How Electric Vehicles Are Strengthening the Texas Power Grid and Improving Air Quality

Source: SAE

Source: SAE

San Antonio’s Southwest Research Institute (SwRI) brings Texas the latest example of an intelligent, demand-side resource that can play an active role in the power grid and offset the use of fossil-fuel power plants. Late last month, SwRI announced that its innovative vehicle-to-grid system got the green light from the Electric Reliability Council of Texas (ERCOT), the grid operator, to participate in the state’s electricity market. This system is able to control the charging and discharging for a fleet of electric delivery trucks, meaning that when the supply of electricity struggles to meet demand, the intelligent vehicle charging system can simply stop charging (thus lowering demand). This technology will significantly increase grid reliability, thanks to its quick response time, and effectively deter the need for firing up another dirty power plant.

In order to avoid a blackout, the supply of electricity to the power grid must equal the electric demand from customers. Conventionally, this balance is maintained by power plants that remain on stand-by, ready to respond at a moment’s notice. Every hour of the day, ERCOT precisely controls these power plants to keep the grid balanced. In the process, a power plant has to rapidly increase or decrease its power output, which decreases its efficiency and increases its carbon and pollution footprint, much like an a car revving its engine.

To modernize our electric system, experts have proposed using demand-side resources – defined here as energy efficiency, demand response, renewable energy, energy storage, and even electric vehicles – to balance the electric grid in place of power plants. Smart power technologies enable ERCOT to reduce demand for energy through programs like demand response, where a customer is compensated for temporarily conserving energy use. For the first time, a customer reducing their need for electricity can provide the same service as a power plant generating more electricity. These customer-powered “negawatts” (the amount of energy not used) are advantageous because they offset power plant emissions, rather than increase them.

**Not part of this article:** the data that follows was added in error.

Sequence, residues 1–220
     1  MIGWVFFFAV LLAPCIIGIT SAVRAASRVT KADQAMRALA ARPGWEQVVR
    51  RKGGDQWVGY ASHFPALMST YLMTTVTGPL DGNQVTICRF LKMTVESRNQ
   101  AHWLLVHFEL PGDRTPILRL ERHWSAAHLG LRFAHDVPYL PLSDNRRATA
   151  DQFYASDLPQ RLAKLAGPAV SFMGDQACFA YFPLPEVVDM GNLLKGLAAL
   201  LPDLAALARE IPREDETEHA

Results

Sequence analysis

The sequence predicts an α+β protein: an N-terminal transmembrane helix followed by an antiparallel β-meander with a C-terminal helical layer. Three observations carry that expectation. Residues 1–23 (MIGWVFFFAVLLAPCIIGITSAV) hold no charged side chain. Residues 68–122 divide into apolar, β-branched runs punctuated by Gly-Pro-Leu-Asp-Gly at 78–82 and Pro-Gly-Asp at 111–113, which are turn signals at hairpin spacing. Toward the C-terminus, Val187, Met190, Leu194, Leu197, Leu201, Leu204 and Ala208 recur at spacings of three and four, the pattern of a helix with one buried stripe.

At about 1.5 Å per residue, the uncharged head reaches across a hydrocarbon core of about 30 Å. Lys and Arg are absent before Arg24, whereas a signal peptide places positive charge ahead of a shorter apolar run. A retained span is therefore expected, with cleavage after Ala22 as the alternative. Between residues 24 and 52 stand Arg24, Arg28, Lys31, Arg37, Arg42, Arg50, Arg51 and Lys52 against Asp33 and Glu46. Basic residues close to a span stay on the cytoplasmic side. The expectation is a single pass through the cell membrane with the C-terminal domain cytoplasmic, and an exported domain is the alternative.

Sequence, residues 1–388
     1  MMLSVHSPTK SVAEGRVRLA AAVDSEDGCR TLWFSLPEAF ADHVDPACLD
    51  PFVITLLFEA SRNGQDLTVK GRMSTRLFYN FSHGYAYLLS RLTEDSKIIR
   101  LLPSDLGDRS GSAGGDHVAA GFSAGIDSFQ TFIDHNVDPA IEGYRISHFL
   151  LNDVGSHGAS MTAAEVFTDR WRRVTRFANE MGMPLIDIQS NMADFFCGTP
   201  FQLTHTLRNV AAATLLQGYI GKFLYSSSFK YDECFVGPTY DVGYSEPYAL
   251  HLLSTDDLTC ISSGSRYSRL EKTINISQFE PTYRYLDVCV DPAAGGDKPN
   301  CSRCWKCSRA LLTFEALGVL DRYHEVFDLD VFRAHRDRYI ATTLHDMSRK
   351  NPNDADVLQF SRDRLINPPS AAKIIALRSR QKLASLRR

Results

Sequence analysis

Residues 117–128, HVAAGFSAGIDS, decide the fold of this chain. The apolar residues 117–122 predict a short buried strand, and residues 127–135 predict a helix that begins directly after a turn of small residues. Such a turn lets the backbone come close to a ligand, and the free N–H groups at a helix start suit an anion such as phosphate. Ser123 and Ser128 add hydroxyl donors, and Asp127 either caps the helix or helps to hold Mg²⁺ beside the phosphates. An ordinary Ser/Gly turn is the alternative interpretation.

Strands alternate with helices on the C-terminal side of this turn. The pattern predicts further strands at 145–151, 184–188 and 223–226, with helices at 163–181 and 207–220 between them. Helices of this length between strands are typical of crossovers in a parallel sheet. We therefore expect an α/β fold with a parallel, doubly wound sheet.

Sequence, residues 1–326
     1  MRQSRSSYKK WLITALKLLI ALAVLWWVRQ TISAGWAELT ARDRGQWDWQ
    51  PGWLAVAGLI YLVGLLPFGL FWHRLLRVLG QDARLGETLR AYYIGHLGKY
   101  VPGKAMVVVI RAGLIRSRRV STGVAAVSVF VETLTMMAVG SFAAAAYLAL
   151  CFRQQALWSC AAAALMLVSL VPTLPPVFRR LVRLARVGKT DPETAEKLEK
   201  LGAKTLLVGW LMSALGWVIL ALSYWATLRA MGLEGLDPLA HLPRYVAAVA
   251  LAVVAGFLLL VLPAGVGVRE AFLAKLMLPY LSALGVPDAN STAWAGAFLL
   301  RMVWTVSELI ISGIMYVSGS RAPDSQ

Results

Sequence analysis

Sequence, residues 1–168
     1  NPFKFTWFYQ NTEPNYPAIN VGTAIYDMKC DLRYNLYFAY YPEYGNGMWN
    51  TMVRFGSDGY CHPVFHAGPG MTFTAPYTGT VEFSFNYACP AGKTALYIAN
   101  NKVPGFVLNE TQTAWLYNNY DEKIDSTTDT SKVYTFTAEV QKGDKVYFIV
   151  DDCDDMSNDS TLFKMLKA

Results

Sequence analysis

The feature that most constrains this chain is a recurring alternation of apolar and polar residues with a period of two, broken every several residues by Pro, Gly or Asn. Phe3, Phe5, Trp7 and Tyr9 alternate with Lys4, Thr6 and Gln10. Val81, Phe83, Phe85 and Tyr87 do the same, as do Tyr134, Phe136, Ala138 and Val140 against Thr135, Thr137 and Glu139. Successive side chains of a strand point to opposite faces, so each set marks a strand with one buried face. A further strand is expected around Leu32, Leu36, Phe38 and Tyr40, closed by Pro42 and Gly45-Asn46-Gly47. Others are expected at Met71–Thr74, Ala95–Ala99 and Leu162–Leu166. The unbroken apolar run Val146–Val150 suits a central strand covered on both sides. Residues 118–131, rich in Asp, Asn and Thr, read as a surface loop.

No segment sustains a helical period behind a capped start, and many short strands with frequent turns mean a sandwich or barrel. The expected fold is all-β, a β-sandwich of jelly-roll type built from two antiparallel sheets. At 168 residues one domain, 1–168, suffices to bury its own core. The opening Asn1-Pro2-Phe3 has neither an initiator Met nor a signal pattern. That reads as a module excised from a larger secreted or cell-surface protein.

SwRI’s intelligent delivery truck charging system provides negawatts to ERCOT by temporarily suspending vehicle charging. During the day, electric delivery trucks carry goods to their intended destination, and then return to “refuel” with electricity in the evening, when Texas’ wind farms are most productive. SwRI’s charging management system ensures that all of the trucks are recharged before they have to make their next trip. At the same time, it counts up how many trucks are charging, and sends that information to ERCOT. If ERCOT senses a sudden shortfall in power supply, the management system interrupts charging for some of the trucks to quickly rebalance the grid.

Beyond just reducing emissions by offsetting power plants, SwRI’s system also increases the overall reliability of Texas’ power grid. Because power plants are such enormous and complex machines, it often takes them several minutes or longer to rebalance the grid. On the other hand, demand-side resources, like SwRI’s charge management system, can respond instantaneously. Studies show that these fast-responding resources fundamentally improve the grid. That’s why ERCOT is carrying out a major pilot project to evaluate the benefits of quick, highly flexible resources like demand response. And Texas isn’t the only place where this technology is being tested.

In Japan, Nissan conducted a pilot connecting six of its electric Leafs to the Nissan Advanced Technology Center in Atsugi City. The results: the building reduced its energy usage during peak summer periods (when electricity is most expensive) by 2.5% by simply controlling the EV-charging time. Nissan saved an estimated annual $4,900, without impacting the workers’ daily commute.

In collaboration with the University of Delaware and NRG Energy, Honda is also in the vehicle-to-grid game. With a pilot involving its Accord plug-in hybrid, Honda is “showcasing how [vehichle-2-grid] technology could be used to sell energy storage from electric vehicles into the PJM Interconnection Regulation Market.”

SwRI’s qualification to participate in the electricity market is a signal that the flexibility and cost benefits expected from demand-side resources can be realized in practice. As smart power technologies develop, we hope that more commercial, industrial, and residential energy users will offer their negawatts to the power grid. Doing so reduces the need for fossil-fuel power plants and improves the economics for technologies like electric vehicles and energy storage. When all of the pieces of the energy system talk to each other in an intelligent way, we can unlock new ways to save energy, reduce emissions, and improve the electric grid.


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